Maya Angelou once said “I’ve learned that people will forget what you said, people will forget what you did, but people will never forget how you made them feel.” While Angelou was not simply talking about teacher and student relationships, I think that this quote follows my philosophy on classroom management very closely. I believe that as a teacher, it is crucial to have a system of positive motivation in the classroom. There are two main parts to my classroom management philosophy, one that clearly shows how discipline works in my classroom, and the other that clearly shows how everything else will work in the classroom interpersonally.
The Discipline with Dignity approach aligns closely with my belief that if a teacher gets to know students as people, there will be fewer discipline problems. The Positive Behavioral Interventions and Supports give a multitier approach to classroom management in a diverse classroom. The FISH philosophy corresponds to the part of my philosophy about how people in my classroom will work together and interact with one another. Due to my beliefs as an educator, my philosophy of classroom management aligns well with a combination the FISH philosophy, PBIS, and the Discipline with Dignity approach.
It is important to note that discipline is not the only part of a classroom management philosophy. There is so much that goes into a comprehensive classroom management plan and discipline is only a very small part of it. However discipline is also important in any classroom. For discipline in my classroom I will follow the Discipline with Dignity approach. The main idea of this approach is if you get to know students as people, and treat them as such, you will have fewer problems in the classroom with behavior.
This means that a teacher will have a personal rather than an authoritative approach to discipline. The expectations and repercussions are clear and set at the beginning, and the philosophy emphasizes looking at the whole story before making a judgement. Rather than jumping on a student whenever they break a rule, understand why a student is doing what they are doing. The approach emphasizes never making decisions when emotional, and deal with the issue later with logical consequences instead of creating a power struggle. Allen Mendler, co-creator of Discipline with Dignity states that as a teacher “you need to be difficult to offend and quick to forgive” (Delisio, 2011).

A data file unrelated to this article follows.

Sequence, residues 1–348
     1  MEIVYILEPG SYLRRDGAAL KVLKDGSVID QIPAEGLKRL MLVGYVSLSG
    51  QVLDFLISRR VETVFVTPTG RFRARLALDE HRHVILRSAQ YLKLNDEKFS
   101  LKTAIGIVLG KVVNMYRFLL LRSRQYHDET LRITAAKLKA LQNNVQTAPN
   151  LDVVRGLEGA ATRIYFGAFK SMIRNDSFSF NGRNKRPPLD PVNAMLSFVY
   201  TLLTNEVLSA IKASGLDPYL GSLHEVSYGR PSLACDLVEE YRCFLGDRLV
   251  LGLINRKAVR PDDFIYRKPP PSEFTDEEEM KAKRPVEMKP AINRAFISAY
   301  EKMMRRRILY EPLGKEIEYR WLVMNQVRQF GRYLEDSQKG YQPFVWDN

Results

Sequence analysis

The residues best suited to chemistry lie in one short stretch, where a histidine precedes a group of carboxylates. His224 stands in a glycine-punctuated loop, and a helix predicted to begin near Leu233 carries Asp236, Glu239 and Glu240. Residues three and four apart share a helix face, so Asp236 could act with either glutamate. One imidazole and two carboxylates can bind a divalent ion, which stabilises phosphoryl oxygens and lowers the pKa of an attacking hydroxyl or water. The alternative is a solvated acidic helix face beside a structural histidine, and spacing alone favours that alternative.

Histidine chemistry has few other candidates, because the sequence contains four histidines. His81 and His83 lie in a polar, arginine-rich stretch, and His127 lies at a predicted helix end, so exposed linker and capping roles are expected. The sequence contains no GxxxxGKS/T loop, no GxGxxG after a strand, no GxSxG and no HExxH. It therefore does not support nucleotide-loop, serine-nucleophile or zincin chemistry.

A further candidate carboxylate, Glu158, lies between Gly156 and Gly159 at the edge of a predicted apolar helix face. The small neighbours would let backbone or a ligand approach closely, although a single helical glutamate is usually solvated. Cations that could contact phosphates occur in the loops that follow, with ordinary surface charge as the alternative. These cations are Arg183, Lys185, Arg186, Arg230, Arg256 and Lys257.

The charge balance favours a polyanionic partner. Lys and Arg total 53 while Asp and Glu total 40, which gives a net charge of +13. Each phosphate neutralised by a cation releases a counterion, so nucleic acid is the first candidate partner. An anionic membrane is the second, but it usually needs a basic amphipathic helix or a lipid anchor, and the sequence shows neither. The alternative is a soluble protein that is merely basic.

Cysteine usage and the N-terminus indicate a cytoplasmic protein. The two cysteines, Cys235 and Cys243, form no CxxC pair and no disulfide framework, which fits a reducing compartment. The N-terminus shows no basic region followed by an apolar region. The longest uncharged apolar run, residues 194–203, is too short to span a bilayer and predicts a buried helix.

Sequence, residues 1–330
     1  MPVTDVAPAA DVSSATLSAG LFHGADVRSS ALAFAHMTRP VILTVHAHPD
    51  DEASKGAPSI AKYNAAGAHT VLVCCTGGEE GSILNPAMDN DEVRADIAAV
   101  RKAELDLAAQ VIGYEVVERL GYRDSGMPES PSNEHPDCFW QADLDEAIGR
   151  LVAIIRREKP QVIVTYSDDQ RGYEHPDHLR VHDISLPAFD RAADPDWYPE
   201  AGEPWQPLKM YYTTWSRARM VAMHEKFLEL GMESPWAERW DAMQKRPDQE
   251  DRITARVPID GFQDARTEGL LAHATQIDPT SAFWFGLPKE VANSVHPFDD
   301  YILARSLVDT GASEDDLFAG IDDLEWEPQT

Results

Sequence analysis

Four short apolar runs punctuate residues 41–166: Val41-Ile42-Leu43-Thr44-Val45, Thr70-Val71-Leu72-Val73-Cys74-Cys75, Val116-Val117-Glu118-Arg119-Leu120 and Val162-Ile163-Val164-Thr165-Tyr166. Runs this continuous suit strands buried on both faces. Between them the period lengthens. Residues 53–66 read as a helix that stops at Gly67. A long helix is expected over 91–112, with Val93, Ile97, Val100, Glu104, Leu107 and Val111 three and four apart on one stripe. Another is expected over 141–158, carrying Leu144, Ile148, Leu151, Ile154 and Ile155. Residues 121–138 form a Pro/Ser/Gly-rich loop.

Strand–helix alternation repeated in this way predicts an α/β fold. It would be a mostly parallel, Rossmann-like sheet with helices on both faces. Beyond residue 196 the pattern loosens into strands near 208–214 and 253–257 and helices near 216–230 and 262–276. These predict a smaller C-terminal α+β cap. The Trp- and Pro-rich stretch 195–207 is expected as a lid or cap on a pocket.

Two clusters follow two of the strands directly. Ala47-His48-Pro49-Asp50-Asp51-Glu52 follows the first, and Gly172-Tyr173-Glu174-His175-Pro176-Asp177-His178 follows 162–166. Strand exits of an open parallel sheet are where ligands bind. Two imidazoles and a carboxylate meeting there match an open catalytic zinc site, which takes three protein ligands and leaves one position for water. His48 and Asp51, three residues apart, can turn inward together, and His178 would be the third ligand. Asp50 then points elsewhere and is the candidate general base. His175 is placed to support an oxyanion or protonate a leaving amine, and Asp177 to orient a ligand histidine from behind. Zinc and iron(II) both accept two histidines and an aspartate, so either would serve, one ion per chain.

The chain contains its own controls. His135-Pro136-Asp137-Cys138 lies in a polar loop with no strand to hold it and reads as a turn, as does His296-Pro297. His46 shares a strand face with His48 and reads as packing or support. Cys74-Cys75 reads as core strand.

One possible example of the Discipline with Dignity approach in motion is given in the Education World article called Discipline with Dignity Stresses Positive Motivation by Ellen R. Delisio. Delisio gives the example of a teacher catching a student smoking on school grounds. The teacher and the school social worker meet with the student and discuss the harm that smoking can do to the well-being of a person. The student agreed not to smoke on school grounds again and left with a warning. Later the teacher catches the student smoking again. Despite her instinct to address the student immediately and punish, she waited. At the end of the day she waited and talked to the student as they were leaving school and worked with the student to plan a consequence. The consequence ended up being a presentation on the negative impacts smoking can have on a person.
In this example, it is clear that the teacher was attempting to use the Discipline with Dignity approach. When she saw the student breaking the rules again, she did not immediately create a punishment when her emotions were high. Instead she waited and worked with the student as a person to create a logical consequence for the action. This approach is definitely more personal than authoritative, and values the student input in creating a consequence. In my classroom I will make sure to see the whole picture when disciplining a student. Additionally I will always value student input, especially when creating logical consequences. To create a logical consequence it is important to remember that the consequence should facilitate learning and should not simply be a punishment. Having a plan for discipline in the classroom is integral to a classroom management plan, but it will also be helpful to examine my entire classroom philosophy as well.